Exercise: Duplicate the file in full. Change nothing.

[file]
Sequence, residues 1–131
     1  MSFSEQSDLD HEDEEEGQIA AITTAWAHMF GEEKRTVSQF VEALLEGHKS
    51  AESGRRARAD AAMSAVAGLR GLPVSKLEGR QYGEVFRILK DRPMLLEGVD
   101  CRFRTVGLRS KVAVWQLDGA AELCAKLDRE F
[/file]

Sequence, residues 1–131
     1  MSFSEQSDLD HEDEEEGQIA AITTAWAHMF GEEKRTVSQF VEALLEGHKS
    51  AESGRRARAD AAMSAVAGLR GLPVSKLEGR QYGEVFRILK DRPMLLEGVD
   101  CRFRTVGLRS KVAVWQLDGA AELCAKLDRE F